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JUNE/JULY 2005 | REGIONAL | PACIFIC NW

Report From The Vanguard : Cider Press
By Marie Oliver

Achieving category dominance requires supreme tenacity and a positive attitude. The smokescreen would be the casual style that belies an executioner’s instinct. After all, “They say the beer and cider business is a cruel money trench, full of thieves and liars, where weak men and women die like dogs.” The CEO of the California Cider Company, Jeffrey House, may have said that in jest during a recent visit in March, but he has survived, a quarter of a century later, to tell the tale.

When House started Thames America in 1980, there was never an intent for the small specialty importer to establish one of the biggest brands of cider in the Western United States. “I came to America in 1977 from the London advertising business and started selling spirits and wine,” he said. One of the first to sell California wine to England, House said he got his green card on exporting California wine and importing British beer.

His current multimillion-dollar cider enterprise aside, House took advantage of the Irish pub movement of the 1980s and 1990s to build a $1.5 million business for Blackthorn Cider in America. It took about 10 years to achieve that status, and such was his success that the Miller Brewing Company wanted in, and House got cut out. "Sometimes it’s better to keep a low profile when you’re representing somebody else’s brand," he reflected. If you do too good a job, you lose it, and if you do too poor a job, you lose it.”

Because House was importing British beers, he was marketing his products in Irish pubs. "And every Irish pub owner asked, ‘Where's the cider?’” he said. House professed not to be particularly interested in cider at the time, because in England it is a younger person's drink. “It was an initial drink before you got into better beer,” he said. Consequently, his baseline was the better beer, but he could not turn his back on the significant requests.

"Sometimes it’s better to keep a low profile when you’re representing somebody else’s brand. If you do too good a job, you lose it, and if you do too poor a job, you lose it.”

“An Irish pub without cider is like a Chinese restaurant without noodles,” he quipped. The Irish pubs wanted a cider, and like any importer worthy of his business license, he went and got some cider. He states Blackthorn was the cider of choice because the people there were easy to work with.

Fast-forward to 1995. Having lost two major accounts in a decade — Fuller's in 1990 (after having launched the name London Pride and their ESB) and then Blackthorn Cider, House had to either reassess or fade into startup oblivion. At the time, he observed that the Sierra Nevada and Sam Adams brands were doing quite well in the marketplace. In the Pacific Northwest, Jim Kennedy was going strong with Admiralty Distributing, and Widmer Brothers, BridgePort Brewing and Redhook were excelling. Thus House contemplated producing a craft beer. “But I didn't see how you could come up with a unique selling proposition,” he said, spoken like the true ad executive he is to his core.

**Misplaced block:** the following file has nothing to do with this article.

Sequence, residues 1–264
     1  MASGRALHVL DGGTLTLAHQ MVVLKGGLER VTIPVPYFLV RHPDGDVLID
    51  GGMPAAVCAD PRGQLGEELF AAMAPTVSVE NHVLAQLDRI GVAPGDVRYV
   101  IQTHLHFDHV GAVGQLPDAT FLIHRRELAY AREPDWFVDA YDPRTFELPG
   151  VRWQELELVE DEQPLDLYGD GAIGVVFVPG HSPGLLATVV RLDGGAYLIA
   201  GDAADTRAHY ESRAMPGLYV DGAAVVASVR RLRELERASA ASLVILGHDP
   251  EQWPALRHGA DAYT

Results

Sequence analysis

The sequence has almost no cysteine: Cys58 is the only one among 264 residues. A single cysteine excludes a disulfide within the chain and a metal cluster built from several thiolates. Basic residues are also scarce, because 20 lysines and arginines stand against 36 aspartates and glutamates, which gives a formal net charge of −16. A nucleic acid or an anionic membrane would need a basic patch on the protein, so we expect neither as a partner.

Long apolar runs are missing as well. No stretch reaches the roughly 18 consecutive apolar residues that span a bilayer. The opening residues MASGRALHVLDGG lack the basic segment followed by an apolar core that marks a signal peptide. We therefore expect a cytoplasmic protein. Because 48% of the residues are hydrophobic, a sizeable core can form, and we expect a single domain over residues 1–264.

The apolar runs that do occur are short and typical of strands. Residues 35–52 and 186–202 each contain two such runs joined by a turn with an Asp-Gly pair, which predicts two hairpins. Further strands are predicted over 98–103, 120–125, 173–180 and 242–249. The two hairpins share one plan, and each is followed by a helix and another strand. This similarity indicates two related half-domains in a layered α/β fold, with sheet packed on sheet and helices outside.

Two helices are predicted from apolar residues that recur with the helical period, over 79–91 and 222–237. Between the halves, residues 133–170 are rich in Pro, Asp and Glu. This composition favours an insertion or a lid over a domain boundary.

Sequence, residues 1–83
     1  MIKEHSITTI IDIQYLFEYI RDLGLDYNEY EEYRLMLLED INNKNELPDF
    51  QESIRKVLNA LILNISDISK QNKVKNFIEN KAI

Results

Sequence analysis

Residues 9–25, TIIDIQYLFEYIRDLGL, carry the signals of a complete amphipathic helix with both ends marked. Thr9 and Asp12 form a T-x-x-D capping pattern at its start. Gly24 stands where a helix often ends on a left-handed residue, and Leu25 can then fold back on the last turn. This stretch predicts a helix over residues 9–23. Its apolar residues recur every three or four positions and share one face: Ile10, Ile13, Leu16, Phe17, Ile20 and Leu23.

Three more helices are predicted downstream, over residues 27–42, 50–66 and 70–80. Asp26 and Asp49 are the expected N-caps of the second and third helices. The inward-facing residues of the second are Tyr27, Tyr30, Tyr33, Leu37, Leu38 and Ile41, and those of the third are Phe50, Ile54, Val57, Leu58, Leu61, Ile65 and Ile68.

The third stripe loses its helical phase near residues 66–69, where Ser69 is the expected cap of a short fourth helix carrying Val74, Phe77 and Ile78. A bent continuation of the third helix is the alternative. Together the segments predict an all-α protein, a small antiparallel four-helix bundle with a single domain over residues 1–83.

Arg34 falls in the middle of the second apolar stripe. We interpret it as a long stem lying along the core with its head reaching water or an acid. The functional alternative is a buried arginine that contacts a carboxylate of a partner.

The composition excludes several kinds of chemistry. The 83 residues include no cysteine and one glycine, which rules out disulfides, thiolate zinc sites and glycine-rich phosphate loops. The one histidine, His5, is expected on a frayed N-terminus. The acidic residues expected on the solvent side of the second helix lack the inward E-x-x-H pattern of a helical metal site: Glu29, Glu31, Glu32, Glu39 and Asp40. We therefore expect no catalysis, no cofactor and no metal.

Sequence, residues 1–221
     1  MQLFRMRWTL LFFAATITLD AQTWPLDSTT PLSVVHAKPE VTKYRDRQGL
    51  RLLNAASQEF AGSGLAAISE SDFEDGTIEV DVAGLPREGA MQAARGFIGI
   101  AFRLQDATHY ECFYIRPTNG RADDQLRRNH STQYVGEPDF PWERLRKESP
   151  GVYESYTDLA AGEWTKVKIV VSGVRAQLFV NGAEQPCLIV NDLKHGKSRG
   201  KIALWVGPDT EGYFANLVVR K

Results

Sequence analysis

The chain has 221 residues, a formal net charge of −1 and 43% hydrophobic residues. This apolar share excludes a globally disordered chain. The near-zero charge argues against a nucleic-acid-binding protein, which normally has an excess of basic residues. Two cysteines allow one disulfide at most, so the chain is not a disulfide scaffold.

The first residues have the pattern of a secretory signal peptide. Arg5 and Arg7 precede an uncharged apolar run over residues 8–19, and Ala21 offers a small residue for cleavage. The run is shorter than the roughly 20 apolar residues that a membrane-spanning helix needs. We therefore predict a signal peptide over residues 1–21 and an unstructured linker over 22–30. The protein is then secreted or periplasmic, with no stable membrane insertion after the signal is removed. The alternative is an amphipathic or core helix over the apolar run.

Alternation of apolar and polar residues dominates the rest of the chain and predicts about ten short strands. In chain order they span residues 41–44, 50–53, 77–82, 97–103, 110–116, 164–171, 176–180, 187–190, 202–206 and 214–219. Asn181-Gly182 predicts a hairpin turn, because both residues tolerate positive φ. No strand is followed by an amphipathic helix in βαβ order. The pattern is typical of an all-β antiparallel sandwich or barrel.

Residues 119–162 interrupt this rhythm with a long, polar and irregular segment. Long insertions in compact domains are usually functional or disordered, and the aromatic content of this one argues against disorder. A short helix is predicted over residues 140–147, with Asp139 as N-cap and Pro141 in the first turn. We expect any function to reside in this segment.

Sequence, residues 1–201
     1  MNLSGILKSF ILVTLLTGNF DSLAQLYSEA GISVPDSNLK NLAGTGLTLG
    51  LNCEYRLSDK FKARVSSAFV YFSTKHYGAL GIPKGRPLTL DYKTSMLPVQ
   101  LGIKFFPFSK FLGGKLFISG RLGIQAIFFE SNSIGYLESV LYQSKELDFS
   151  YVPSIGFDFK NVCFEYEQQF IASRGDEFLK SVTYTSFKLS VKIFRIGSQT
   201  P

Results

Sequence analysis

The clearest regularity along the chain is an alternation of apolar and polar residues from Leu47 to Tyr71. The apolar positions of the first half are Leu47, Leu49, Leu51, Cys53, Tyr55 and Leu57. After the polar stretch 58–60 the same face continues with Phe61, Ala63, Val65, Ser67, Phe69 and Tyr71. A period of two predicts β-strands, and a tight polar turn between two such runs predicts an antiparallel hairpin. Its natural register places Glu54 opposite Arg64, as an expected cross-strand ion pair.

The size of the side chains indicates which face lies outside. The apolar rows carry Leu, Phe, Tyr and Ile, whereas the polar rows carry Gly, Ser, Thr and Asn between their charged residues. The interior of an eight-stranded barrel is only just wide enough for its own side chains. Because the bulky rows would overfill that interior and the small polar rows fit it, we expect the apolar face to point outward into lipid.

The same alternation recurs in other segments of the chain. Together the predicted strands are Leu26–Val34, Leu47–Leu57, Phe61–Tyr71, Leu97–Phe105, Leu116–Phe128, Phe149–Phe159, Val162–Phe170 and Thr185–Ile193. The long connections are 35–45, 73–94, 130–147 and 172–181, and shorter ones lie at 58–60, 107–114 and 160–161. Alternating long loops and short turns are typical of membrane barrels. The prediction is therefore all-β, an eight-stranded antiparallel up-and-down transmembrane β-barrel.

And then came that fortuitous and fateful call from a journalist in Vermont, telling him about a home-based cider maker about 45 minutes away from his San Rafael home. “So one sunny morning I took the Highway 116 turnoff, which I'd never been on before. And I looked around and said, ‘Oh, my gosh. This place looks like England.’” House said the environment was verdant, the cows looked well-fed, and the birds were twittering.

Apparently, the only reason to come out to the Sebastopol area was to see where Alfred Hitchcock filmed “The Birds” in Bodega Bay. “There weren’t any hotels in town; they didn’t want you to stop.” But House was captivated. He rode around a town that was evidently apple country, with juicers and processors of apple flakes for the Kellogg’s brand. The only thing lacking was a cider mill.

“Sebastopol is called West County, and in England it’s called West Country,” explained House, referring to Devon, Somerset, Herefordshire and the border of Wales. “Very pastoral, with rolling hills and walking coasts.” In his words, “completely shaken,” House made his way to the home of this cider maker and thought the visit went well. House offered to set him up in business by buying some equipment and having the fellow make some cider for House’s enterprise.

He then met a winemaker who offered to help in Hopland, Calif., in Mendocino County, at a winery called McDowell Valley Vineyards. The cider was hand-kegged. House bought a van (which he still drives, since his 16-year-old son has his Jeep) and hired a "Coors draft man" in San Francisco. They went around to all the Blackthorn taps and managed to get back about 10 accounts from the ones they had lost. House said his new cider was much better than Blackthorn Cider, although a number of people did not think it was dry enough. In four years, House and his associates had replaced the $1.5 million loss from the demise of the Blackthorn account.

Subsequently, the operation moved to Sebastopol, Calif., where it currently is in the form of a complex operation of three distinct businesses. According to House, the building houses Thames America, the import company; California Cider Company, the makers of Ace Ciders and exporters of ciders; and the Ace-in-the-Hole Pub, which is the showplace for Ace Ciders as well as a village pub that has "morphed" into a music venue. And that's just the first 25 years.

Marie Oliver is a beer and cider enthusiast living in Portland, Ore., and a writer at pdxguide.com.

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